calculating the frequencies for each combination of biallelic markers in each group in said series of groups of (first) biallelic markers in said candidate genomic region in individuals expressing said detectable trait;
calculating the frequencies for each combination of biallelic markers in each group in said series of groups of first biallelic markers in said candidate genomic region in individuals who do not express said detectable trait; and
comparing the haplotype frequencies in individuals who express said trait and individuals who do not express said trait by performing a chi-squared analysis to yield said test values.
42. The programmed storage device of claim 41, wherein said instructions for performing a haplotype analysis on each possible combination of biallelic markers in each group in said series of groups of second biallelic markers in said random genomic regions and calculating said test values for each combination comprise instructions for:
calculating the frequencies for each combination of biallelic markers in each group in said series of groups of second biallelic markers in said random genomic regions in individuals expressing said detectable trait;
calculating the frequencies for each combination of biallelic markers in each group in said series of groups of second biallelic markers in said random genomic regions in individuals in individuals who do not express said detectable trait; and
comparing the haplotype frequencies in individuals who express said trait and individuals who do not express said trait by performing a chi-squared analysis to yield said test values.
43. The programmed storage device of claim 42, wherein said instructions for comparing said candidate region distribution of test values to said random region distribution of test values comprise instructions for performing a Wilcoxon rank test.
44. The programmed storage device of claim 42, wherein said instructions for comparing said candidate region distribution of test values to said random region distribution of test values comprise instructions for performing a Kolmogorov-Smirnov test.
45. The programmed storage device of claim 42, wherein said instructions for comparing said candidate region distribution of test values to said random region distribution of test values comprise instructions for performing both a Wilcoxon rank test and a Kolmogorov-Smirnov test.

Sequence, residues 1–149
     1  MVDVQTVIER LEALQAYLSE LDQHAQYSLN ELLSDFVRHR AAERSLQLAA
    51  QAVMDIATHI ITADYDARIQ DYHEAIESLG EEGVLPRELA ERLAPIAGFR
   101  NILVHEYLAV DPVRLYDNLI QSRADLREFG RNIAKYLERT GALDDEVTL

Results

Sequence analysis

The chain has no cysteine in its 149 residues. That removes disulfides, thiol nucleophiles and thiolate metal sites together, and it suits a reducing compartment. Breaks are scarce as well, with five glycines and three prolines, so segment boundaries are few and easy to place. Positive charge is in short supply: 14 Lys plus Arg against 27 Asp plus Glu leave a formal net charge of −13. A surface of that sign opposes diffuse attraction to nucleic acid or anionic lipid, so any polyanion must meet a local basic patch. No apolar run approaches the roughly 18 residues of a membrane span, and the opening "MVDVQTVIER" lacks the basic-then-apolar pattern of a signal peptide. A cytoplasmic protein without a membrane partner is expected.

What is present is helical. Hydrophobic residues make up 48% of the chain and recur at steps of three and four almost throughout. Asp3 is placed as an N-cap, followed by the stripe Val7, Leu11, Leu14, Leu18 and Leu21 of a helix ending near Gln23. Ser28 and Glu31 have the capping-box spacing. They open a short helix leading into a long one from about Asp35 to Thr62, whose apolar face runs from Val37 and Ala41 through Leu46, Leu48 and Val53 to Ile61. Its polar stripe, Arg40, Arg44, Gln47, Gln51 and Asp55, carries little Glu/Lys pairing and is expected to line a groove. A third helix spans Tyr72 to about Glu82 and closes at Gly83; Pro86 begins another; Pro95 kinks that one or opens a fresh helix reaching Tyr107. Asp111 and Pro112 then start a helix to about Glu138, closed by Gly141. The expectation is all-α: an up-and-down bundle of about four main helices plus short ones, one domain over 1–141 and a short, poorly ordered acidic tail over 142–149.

46. The programmed storage device of claim 39, wherein said programmed storage device is selected from the group consisting of a hard disk a floppy disk, Random Access Memory, Read Only Memory and Electrically Eraseable Programable Read Only Memory.
Description
RELATED APPLICATIONS

This application claims the benefit of U.S. Provisional Application No. 60/107,986, filed Nov. 10, 1998, and U.S. Provisional Application No. 60/140,785, filed Jun. 23, 1999, the entire disclosures of which are incorporated herein by reference.

FIELD OF THE INVENTION

The present invention relates to methods and apparati using nucleic acid markers having a statistical association with a detectable trait to identify one or more genes responsible for the trait or for a predisposition for expressing the trait.

BACKGROUND OF THE INVENTION

Recent advances in genetic engineering and bioinformatics have enabled the manipulation and characterization of large portions of the human genome. While efforts to obtain the full sequence of the human genome are rapidly progressing, there are many practical uses for genetic information which can be implemented with partial knowledge of the sequence of the human genome.

As the full sequence of the human genome is assembled, the partial sequence information available can be used to identify genes responsible for detectable human traits, such as genes associated with human diseases, and to develop diagnostic tests capable of identifying individuals who express a detectable trait as the result of a specific genotype or individuals whose genotype places them at risk of developing a detectable trait at a subsequent time. Each of these applications for partial genomic sequence information is based upon the assembly of genetic and physical maps which order the known genomic sequences along the human chromosomes.

The present invention relates to methods and apparati using nucleic acid markers having a statistical association with a detectable trait to identify one or more genes responsible for the trait or for a predisposition for expressing the trait.

SUMMARY OF THE INVENTION

The present invention relates to methods and apparati for identifying one or more genes associated with a detectable phenotype. As described in more detail below, the present invention involves the use of biallelic markers, which are polymorphic nucleic acid sequences which differ from one another at a single nucleotide. The allelic frequencies of the biallelic markers are compared in nucleic acid samples derived from individuals expressing the detectable trait and individuals who do not express the detectable trait. In this manner, candidate genomic regions suspected of harboring a gene associated with the detectable trait under investigation are identified.